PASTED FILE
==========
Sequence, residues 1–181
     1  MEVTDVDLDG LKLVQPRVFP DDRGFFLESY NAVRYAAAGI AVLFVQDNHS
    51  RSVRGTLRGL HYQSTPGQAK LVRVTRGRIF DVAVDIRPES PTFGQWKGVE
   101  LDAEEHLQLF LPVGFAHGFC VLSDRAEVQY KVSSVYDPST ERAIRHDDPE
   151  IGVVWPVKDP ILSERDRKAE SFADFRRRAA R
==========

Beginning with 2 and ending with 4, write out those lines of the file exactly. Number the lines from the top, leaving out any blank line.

     1  MEVTDVDLDG LKLVQPRVFP DDRGFFLESY NAVRYAAAGI AVLFVQDNHS
    51  RSVRGTLRGL HYQSTPGQAK LVRVTRGRIF DVAVDIRPES PTFGQWKGVE
   101  LDAEEHLQLF LPVGFAHGFC VLSDRAEVQY KVSSVYDPST ERAIRHDDPE